Date of Degree
Access restricted until 08/31/2018
MS (Master of Science)
Occupational and Environmental Health
Thomas M. Peters
First Committee Member
Renee T Anthony
Second Committee Member
Geb W Thomas
Noise is a pervasive workplace hazard that varies spatially and temporally. Hazard mapping is a useful way to communicate intensity and distribution of noise sources in the workplace. These maps can be created using a stationary network of sensors, although the cost of noise measurement instruments has prohibited their use in such a network. The objectives for this work were to (1) develop an inexpensive noise sensor (<$100) that measures A-weighted sound pressure levels within ±2 dBA of a Type 2 sound level meter (SLM, ~$1,800); and (2) evaluate 50 noise sensors before field deployment as part of an inexpensive sensor network. The inexpensive noise sensor consists of an electret condenser microphone, an amplifier circuit, and a microcontroller with a small form factor (28mm by 47 mm by 9 mm) than can be operated as a stand-alone unit. Laboratory tests were conducted to evaluate 50 of the new sensors at 5 test levels. The testing levels were (1) ambient noise in a quiet office, (2) a pink noise test signal from 65 to 85 dBA in 10 dBA increments, and, (3) 94 dBA using a SLM calibrator. The difference between the output of the sensor and SLM were computed for each level and overall. Ninety-four percent of the noise sensors (n=46) were within ± 2 dBA of the SLM for noise levels from 65 dBA to 94 dBA. As noise level increased, bias decreased, ranging from 18.3% in the quiet office to 0.48% at 94 dBA. Overall bias of the sensors was 0.83% across the 75 dBA to 94 dBA range. These sensors are available for a variety of uses and can be customized for many applications, including incorporation into a stationary sensor network for continuously monitoring noise in manufacturing environments.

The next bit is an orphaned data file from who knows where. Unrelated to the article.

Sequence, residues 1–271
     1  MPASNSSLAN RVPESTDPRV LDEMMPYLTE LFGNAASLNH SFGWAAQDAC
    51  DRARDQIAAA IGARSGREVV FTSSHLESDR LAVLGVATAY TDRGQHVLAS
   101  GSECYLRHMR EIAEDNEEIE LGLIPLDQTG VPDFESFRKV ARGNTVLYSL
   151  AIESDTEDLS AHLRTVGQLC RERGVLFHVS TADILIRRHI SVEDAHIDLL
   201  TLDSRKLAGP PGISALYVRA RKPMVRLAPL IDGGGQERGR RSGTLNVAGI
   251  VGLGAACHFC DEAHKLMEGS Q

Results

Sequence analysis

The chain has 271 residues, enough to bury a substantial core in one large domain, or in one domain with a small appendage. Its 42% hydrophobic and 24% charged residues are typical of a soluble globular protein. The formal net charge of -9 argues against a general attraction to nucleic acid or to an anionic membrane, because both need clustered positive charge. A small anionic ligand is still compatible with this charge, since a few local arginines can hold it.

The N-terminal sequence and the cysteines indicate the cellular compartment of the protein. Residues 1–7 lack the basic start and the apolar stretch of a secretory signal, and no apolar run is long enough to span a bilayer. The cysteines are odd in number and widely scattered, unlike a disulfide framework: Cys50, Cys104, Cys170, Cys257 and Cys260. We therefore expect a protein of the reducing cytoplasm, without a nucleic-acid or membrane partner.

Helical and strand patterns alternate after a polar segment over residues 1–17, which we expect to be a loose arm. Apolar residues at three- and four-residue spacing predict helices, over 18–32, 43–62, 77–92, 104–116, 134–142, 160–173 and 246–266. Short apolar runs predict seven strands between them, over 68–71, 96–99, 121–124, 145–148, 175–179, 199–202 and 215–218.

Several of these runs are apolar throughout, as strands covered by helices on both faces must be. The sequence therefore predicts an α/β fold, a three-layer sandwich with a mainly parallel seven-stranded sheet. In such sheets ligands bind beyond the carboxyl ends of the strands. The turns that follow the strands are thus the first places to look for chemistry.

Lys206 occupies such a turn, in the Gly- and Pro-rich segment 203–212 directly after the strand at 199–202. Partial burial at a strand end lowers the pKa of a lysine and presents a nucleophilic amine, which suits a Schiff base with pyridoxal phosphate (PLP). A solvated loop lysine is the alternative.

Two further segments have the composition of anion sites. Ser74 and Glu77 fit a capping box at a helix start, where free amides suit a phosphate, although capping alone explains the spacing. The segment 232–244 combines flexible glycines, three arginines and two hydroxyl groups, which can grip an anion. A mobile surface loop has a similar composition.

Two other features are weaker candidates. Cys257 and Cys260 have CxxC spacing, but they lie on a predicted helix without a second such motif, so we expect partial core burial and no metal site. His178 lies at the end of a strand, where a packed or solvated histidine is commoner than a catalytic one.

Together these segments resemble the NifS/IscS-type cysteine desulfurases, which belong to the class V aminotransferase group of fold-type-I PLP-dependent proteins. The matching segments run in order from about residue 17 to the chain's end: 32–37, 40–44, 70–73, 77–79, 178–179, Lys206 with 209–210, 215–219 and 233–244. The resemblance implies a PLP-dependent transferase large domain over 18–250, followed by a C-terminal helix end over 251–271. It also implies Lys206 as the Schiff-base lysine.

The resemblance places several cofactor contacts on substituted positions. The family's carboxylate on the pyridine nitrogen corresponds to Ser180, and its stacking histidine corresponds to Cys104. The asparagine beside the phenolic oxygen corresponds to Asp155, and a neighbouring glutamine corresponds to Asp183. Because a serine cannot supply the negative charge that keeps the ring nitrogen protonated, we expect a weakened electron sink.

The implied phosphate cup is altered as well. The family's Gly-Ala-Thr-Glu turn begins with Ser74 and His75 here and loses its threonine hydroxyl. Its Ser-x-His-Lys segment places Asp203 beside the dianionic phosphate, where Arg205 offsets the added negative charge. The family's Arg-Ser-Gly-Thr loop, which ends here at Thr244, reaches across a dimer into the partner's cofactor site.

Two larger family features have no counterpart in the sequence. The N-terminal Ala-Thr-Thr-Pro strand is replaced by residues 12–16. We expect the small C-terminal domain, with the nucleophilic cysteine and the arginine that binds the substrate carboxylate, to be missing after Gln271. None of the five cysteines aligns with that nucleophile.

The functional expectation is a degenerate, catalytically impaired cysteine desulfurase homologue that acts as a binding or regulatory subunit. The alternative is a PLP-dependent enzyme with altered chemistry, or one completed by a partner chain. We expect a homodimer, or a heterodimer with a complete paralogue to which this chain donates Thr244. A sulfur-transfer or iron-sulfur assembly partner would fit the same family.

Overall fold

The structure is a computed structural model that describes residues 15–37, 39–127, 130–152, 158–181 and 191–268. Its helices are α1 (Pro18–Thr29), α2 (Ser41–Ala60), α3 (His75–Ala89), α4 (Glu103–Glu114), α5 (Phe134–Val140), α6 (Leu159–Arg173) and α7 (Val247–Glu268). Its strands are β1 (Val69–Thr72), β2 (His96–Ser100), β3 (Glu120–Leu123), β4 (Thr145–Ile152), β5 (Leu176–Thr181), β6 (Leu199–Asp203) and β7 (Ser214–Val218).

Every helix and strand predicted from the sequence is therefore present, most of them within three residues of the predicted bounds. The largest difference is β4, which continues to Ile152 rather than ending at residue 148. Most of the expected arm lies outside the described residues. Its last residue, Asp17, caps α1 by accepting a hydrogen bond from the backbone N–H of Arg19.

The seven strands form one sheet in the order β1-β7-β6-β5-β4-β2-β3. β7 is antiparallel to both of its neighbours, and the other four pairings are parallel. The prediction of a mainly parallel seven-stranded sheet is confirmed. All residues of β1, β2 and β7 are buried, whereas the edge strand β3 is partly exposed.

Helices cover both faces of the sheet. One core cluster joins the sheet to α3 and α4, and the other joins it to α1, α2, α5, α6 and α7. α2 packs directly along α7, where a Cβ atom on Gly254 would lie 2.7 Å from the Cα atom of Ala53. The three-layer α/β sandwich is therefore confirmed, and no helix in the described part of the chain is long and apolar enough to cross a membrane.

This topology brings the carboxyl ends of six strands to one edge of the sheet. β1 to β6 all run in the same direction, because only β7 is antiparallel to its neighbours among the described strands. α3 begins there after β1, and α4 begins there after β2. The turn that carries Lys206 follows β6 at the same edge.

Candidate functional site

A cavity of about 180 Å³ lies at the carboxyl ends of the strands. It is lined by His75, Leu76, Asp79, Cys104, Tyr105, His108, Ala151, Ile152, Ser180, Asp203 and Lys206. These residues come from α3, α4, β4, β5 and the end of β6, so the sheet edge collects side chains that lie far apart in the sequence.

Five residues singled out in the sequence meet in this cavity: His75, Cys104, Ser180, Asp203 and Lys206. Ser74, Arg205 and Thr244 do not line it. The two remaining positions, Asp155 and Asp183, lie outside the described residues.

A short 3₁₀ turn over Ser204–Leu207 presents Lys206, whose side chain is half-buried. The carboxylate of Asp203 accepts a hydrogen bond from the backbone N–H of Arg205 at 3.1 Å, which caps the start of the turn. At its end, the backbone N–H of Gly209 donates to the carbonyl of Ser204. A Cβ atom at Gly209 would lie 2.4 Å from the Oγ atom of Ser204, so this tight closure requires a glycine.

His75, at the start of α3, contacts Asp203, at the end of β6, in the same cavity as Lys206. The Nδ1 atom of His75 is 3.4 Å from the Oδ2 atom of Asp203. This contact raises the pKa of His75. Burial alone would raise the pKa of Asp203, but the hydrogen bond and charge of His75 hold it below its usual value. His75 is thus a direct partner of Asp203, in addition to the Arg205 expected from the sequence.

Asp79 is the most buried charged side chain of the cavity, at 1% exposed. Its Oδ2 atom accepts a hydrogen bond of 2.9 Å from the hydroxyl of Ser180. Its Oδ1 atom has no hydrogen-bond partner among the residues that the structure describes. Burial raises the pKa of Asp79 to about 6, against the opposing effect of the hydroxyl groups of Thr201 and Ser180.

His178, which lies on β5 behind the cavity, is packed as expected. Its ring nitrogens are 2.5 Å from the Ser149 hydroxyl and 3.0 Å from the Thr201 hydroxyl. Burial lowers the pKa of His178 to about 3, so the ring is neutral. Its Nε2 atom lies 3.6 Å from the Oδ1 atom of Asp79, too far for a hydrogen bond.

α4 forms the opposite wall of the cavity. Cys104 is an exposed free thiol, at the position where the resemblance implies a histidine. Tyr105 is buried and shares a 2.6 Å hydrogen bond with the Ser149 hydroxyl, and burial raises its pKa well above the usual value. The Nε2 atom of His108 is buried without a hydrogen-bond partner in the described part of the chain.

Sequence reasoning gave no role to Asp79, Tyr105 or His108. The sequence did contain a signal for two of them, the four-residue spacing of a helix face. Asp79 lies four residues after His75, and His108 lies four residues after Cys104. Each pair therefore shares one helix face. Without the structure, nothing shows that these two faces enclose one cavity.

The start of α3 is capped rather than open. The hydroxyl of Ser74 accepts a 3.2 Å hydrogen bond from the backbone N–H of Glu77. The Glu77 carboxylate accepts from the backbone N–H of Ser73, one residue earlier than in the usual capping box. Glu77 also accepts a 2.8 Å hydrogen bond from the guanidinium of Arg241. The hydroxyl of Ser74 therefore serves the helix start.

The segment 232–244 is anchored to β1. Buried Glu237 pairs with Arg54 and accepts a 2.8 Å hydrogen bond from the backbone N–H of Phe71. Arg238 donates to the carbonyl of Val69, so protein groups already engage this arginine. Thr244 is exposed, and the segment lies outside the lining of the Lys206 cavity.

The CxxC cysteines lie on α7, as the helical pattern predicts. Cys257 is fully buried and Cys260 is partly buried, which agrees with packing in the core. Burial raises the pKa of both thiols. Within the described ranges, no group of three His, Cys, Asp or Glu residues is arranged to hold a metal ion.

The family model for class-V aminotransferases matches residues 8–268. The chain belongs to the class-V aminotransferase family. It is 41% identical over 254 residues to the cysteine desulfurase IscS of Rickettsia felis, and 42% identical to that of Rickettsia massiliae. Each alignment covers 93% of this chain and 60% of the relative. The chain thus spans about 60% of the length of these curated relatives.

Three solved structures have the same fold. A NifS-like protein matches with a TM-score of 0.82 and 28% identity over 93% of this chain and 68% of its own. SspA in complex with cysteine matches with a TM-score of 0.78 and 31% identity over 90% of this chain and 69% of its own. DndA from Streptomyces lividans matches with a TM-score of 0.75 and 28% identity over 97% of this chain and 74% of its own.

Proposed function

Hazard Evaluation, Inexpensive Sensors, Noise, Sensor Technology
vii, 48 pages
Includes bibliographical references (pages 35-37).
Copyright © 2017 Laura Ann Hallett